Massachusetts Has Plenty of Sports Betting Bills to Consider

Massachusetts Has Plenty of Sports Betting Bills to Consider
© USA Today

Massachusetts lawmakers seem to be taking the volume approach to sports betting legislation. Whether one of the bills emerges as a law remains to be seen.

A total of 14 proposed sports betting bills are on the legislative docket for discussion after Friday’s deadline of bill filing in Massachusetts. The state is looking to join Rhode Island and New Hampshire with legal sports wagering in New England.

COLUMN: Don't expect a quick resolution to Massachusetts sports betting

State Sen. Eric Lesser (D- First Hampden & Hampshire District) held a 27-minute Zoom press conference Monday afternoon to summarize his bill — SD 2365 — which was filed on Friday.

Lesser’s legislation establishes a framework for both in-person and mobile betting on professional sports at the state’s brick-and-mortar casinos, racetracks and for standalone mobile licenses. The legislation will also include some of the most comprehensive and strictest consumer protections in the country to protect both athletes and bettors, he said.

The Massachusetts Gaming Commission (MGC) would regulate and operate with three category licenses under his legislation.

Casinos and slot parlors can apply for a Category 1 license which would allow for an in-person sportsbook and partnerships with three branded mobile applications.

Plainridge Park, the only harness racing track in Massachusetts and a facility authorized to conduct simulcast wagering, can apply for a Category 2 license for an in-person sportsbook and one branded mobile application.

The MGC can also authorize six Category 3 licenses, which would allow sports wagering through a mobile application or other digital platforms.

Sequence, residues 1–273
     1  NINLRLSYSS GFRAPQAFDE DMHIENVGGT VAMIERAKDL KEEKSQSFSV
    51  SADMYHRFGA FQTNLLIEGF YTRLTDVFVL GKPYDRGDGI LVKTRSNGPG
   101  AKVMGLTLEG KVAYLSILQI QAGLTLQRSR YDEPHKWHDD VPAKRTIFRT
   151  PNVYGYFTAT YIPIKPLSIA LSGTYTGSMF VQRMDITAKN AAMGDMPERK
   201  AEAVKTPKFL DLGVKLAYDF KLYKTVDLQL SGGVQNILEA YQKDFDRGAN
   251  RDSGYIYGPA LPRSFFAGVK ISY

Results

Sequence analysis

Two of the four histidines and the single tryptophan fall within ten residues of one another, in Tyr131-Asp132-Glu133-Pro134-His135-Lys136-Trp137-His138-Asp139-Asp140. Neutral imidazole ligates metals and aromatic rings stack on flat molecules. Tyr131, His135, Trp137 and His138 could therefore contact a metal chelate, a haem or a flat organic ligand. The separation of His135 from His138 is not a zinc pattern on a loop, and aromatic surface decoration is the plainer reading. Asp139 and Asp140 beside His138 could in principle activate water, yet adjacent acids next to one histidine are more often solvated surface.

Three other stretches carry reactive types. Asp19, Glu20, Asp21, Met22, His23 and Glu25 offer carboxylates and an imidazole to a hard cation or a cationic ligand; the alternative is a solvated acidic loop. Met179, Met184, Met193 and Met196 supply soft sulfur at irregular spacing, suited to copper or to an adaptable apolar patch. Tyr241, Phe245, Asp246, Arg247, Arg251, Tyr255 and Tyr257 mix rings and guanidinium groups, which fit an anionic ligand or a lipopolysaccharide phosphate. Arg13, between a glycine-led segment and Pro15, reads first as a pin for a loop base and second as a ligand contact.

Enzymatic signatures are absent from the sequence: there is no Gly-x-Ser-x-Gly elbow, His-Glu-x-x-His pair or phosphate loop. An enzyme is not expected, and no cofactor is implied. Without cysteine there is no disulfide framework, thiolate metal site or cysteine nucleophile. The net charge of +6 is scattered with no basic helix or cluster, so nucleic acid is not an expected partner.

Each category license would have a separate application, initial license and renewal fees. A 20% tax rate would be imposed on Category 1 and 2 licensees and a 25% tax on Category 3 licensees and daily fantasy sports operators.

Consumer Protection Funding

This bill also makes sure that funding is available for consumer protection initiatives by requiring that 5% of revenue be deposited into the public health trust fund to assist social service and public health programs dedicated to addressing problems associated with compulsive sports gambling.

While the bill permits betting on professional sports and allows live wagering, it does not permit betting on college, high school, Olympic or amateur sports.

“The governor’s budget that came out last month estimated $35 million for tax revenue, which did not include college sports as well,” Lesser said Monday. “The Gaming Commission did a white paper on this about a year ago and they estimated $8-10 million to as high as $60 million, so I think the $30-35 million range is probably right, but we have to see.

“It’s an important amount of money to capture, but it is certainly not something to balance the state budget on.”

Some other bills up for discussion among the 14 include HD 3606, by Orlando Ramos (D-9th Hampden); SD 2237 by Adam Gomez (D-Hampden); SD 177 by Sen. Brendan Crighton (D-3rd Essex); and HB 118 and HB 119, both similar bills sponsored by Rep. Bradford Hill (R-4th Essex).

Massachusetts Gov. Charlie Baker, a supporter of sports betting, introduced HD 678 prior to his overall state budget proposal before the Massachusetts Municipal Association’s annual meeting in late January.

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